The book was done without help from a ghost writer. Perry tapped out the proposal on his phone’s notes app, while riding in the back of a car. “It was pretty easy to write it, to just sort of vomit onto the page the highs and lows of my life,” he says.
“He had a desire to tell this story himself as opposed to being speculated about,” says Flatiron Books editor Megan Lynch. “I never needed to touch the voice. It was so resonant, loud and clear.”
As details from the memoir emerged, Perry wound up having to publicly apologize to actor Keanu Reeves, whom he disses twice in the book, writing that Reeves “still walks among us” yet River Phoenix and Chris Farley died young from drug overdoses.
“A mistake. I realized that wasn’t a nice thing to do,” says Perry, who has apologized repeatedly. “I should have used my name. I just wasn’t thinking.” Additionally, a story he relays in the book about beating up Canadian Prime Minister Justin Trudeau in grade school may have been misremembered. “Now, I don’t think that I did,” he says. And Bertinelli took to TikTok, “mortified” that Perry recounted a make-out session that occurred in their 20s.
The book tour, especially theater events in New York, Princeton and Washington, has proved therapeutic. “I’m more comfortable talking to 1,500 people than sitting on my couch watching TV,” he says. He loathes being alone, though he’s gotten better at that. Currently not in a relationship, Perry says that, with one exception, he’s terminated every romantic relationship he had — mostly with actresses. “I was so fear-driven. I would end these relationships, and there are five or six women there that I would love to be married to.” His “assistant/best friend,” he writes in the book, lives with him. Why does he fear being alone? “I think I’m afraid of my mind a little bit,” he says.
Perry is not a fan of the second A in Alcoholics Anonymous. He wasn’t granted the accommodation. “It plays to the stigma. It’s a disease. Why should we hide that?” In Bill W.’s “The Big Book” about AA, “the point of his story is these bad things kept happening to him and he still kept drinking after that,” Perry says, a cup of coffee and water bottle by his side. “My story makes that sound like a Cinderella story. My story is so much worse than Bill’s story.”
Here is what he wants to tell people dealing with addiction: “If hard work and determination was all it took to get you sober, I would have gotten sober 20 years ago. It’s not about that. It’s about a spiritual connection. It’s about opening up your mind and your heart to be able to have a spiritual experience,” he says. “I scared people, a lot of people. There are about five people who said ‘I’m done. I can’t watch this anymore. I’m finished.’ I think I scared them enough that they may be gone forever.”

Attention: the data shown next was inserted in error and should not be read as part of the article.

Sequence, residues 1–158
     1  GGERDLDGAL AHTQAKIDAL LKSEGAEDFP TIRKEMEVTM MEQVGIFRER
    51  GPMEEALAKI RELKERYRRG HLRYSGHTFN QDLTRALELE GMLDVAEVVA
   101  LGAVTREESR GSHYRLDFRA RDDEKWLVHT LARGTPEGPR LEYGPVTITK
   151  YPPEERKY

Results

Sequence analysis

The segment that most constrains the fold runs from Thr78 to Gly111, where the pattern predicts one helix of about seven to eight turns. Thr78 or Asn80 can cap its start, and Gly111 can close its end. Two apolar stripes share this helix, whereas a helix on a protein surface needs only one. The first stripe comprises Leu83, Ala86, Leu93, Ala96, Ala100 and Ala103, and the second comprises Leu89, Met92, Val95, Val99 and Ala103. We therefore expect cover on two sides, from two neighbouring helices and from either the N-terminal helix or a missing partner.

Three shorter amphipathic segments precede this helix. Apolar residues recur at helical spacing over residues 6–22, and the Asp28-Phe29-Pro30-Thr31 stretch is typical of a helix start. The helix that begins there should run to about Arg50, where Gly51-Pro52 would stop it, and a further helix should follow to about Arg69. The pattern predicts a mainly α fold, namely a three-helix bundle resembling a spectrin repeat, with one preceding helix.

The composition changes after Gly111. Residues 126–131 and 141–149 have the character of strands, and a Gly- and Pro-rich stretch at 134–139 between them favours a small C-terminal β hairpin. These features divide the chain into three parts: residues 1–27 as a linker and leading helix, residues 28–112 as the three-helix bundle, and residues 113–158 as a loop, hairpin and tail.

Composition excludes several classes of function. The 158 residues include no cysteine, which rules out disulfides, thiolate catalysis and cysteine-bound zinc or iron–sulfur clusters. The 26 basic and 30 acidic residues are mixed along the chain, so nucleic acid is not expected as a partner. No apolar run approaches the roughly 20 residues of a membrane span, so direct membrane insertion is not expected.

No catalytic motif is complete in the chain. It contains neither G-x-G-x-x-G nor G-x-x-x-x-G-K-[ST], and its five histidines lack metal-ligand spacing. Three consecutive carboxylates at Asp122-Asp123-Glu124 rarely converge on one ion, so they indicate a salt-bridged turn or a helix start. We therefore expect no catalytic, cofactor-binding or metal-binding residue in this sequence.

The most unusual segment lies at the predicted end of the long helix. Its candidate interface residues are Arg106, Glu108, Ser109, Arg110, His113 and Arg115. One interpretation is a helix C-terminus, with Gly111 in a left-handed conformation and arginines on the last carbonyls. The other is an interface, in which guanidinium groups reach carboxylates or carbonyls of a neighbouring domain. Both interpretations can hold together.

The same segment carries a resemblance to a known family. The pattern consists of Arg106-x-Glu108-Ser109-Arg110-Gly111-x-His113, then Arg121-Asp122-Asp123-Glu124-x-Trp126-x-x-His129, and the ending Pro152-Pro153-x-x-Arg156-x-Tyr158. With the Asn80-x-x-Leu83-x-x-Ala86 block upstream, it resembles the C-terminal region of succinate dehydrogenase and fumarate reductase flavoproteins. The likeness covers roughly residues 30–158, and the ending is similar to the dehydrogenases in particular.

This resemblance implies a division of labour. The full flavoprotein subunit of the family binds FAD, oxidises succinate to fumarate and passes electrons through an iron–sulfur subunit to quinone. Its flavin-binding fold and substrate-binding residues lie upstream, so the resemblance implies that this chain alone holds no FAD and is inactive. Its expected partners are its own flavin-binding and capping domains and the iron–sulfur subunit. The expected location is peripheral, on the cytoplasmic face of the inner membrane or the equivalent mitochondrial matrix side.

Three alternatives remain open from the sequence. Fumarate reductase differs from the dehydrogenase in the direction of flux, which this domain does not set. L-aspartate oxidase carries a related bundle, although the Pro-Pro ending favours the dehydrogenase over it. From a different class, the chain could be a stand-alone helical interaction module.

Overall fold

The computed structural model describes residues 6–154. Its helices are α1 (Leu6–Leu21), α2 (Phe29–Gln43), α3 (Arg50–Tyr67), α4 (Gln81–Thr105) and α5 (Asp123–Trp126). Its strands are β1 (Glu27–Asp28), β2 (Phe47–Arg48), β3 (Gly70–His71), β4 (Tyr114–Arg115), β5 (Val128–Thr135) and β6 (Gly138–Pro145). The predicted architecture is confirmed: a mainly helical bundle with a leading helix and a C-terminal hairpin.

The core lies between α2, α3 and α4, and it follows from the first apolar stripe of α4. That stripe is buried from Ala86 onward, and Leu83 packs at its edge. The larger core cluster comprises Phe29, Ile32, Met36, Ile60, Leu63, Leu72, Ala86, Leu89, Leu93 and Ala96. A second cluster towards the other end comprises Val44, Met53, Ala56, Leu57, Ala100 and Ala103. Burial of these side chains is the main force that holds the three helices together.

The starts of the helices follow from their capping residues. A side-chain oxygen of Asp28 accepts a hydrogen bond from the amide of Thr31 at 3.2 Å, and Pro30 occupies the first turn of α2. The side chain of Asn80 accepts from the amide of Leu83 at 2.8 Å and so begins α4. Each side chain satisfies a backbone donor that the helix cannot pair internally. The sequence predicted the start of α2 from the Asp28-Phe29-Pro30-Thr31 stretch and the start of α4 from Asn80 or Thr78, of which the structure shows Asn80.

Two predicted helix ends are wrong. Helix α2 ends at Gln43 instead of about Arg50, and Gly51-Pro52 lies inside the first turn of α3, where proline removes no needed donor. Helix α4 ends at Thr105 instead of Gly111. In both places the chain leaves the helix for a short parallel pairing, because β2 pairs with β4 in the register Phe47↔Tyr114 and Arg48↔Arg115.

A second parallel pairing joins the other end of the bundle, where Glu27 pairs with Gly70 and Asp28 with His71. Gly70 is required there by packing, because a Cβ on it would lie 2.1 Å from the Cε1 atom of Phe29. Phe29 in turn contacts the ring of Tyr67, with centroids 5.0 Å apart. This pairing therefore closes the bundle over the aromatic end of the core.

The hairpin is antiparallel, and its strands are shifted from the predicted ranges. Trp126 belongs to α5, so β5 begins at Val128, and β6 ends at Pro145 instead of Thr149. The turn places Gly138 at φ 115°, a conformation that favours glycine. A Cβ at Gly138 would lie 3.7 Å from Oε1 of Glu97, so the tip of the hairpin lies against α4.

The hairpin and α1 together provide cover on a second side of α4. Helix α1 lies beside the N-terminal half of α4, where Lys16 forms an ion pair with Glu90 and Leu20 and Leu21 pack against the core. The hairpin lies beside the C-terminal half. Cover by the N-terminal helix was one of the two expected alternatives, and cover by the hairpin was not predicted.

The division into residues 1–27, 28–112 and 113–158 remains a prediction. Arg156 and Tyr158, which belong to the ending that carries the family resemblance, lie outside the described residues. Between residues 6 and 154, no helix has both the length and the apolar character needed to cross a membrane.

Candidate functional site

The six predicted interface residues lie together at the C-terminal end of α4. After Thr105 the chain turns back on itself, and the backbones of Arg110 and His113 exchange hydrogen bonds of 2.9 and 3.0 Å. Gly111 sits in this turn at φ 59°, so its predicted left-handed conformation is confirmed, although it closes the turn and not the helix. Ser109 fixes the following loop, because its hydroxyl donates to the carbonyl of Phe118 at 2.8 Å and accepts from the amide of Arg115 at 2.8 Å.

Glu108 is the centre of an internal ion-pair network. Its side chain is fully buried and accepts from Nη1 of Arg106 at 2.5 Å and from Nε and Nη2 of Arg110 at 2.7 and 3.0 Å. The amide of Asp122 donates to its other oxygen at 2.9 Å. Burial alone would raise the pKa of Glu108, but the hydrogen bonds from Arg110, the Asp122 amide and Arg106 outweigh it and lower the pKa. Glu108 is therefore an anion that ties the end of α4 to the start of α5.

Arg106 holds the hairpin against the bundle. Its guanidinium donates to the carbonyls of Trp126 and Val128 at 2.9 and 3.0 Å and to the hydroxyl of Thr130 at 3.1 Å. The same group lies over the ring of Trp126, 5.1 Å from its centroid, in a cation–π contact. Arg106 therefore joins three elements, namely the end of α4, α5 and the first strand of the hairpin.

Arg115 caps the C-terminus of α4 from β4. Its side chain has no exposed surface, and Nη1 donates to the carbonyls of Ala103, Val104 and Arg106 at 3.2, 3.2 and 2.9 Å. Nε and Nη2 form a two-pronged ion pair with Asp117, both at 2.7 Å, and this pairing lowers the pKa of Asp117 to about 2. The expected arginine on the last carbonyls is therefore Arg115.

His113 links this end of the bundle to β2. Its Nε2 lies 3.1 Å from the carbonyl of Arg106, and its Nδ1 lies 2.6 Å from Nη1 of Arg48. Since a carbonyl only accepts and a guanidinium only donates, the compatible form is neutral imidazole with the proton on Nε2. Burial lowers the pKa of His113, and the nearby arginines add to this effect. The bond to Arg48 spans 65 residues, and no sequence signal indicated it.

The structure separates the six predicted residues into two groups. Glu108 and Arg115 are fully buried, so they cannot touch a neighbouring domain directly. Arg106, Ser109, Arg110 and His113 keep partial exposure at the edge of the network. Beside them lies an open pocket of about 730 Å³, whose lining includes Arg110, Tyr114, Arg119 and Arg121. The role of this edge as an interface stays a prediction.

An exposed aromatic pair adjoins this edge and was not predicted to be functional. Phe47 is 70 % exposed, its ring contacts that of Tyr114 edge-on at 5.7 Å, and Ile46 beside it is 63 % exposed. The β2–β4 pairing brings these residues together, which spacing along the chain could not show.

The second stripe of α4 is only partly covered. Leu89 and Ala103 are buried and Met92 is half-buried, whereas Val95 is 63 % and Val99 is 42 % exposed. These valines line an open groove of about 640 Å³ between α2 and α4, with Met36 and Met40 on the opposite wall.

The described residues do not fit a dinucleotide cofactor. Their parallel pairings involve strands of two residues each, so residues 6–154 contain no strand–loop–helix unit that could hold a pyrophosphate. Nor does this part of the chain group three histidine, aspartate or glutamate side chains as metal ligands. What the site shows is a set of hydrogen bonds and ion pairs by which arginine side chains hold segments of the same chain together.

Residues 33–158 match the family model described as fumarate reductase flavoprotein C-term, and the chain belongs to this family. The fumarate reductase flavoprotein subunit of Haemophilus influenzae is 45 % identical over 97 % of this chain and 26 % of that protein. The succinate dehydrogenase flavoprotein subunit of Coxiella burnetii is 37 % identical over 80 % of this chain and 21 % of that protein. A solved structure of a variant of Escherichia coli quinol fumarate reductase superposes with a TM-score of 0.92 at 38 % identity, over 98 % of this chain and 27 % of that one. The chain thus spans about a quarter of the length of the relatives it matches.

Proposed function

“The only thing that made me keep a lid on my using and drinking was that I had the greatest job in the world. I can’t blow this up. I can’t lose this job,” he says. Miraculously, he didn’t. “When you’re making a million dollars a week, you can’t have the 17th drink. If I didn’t have that, the show, I’d probably be on the streets.”
In “Friends, Lovers,” Perry shares his obsession with Batman. He has moved frequently but keeps a Batroom — a “Mattroom” as he calls it — filled with superhero memorabilia. He jokingly calls an assistant “Alfred” who, in turn, calls Perry “Mr. Wayne.” The actor bought a mammoth $20 million apartment that never felt like home, because he thought it seemed like a place where Bruce Wayne would live.
“We both are loners. We both are wealthy. We both drive cool, black cars,” says Perry, who owns an Aston Martin Vantage V8 Roadster. “I don’t fight crime — but I do save lives on occasion.”
He does not watch “Friends,” though he did during his recent Diane Sawyer interview, which made him cry, “looking at this very thin, lost, scared man,” he says. “It’s a difficult thing for me to watch, because I’m thinking, ‘Oh, I was on Vicodin at that time. Oh, I was drinking at that time.’ But I should watch it because I think it would cheer me up to see it, because it’s good and it’s funny.”
The acting offers are returning now, years after “I fell off the map” and no one was talking about Matthew Perry in a good way. There’s even discussion of a filmed version of the memoir. Perry would play himself during the later years.
“Show business is an amazing thing. You can be nothing and then get some big job and become huge again,” he says. The book, he hopes, is the path back in. “I’m open to everything,” he says.
And then, like that, Perry is out of his chair with barely a goodbye, and gone, sort of like Batman.